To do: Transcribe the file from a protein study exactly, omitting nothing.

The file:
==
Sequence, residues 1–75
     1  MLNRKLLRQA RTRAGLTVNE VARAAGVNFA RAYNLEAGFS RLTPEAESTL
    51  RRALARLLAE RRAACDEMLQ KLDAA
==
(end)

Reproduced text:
Sequence, residues 1–75
     1  MLNRKLLRQA RTRAGLTVNE VARAAGVNFA RAYNLEAGFS RLTPEAESTL
    51  RRALARLLAE RRAACDEMLQ KLDAA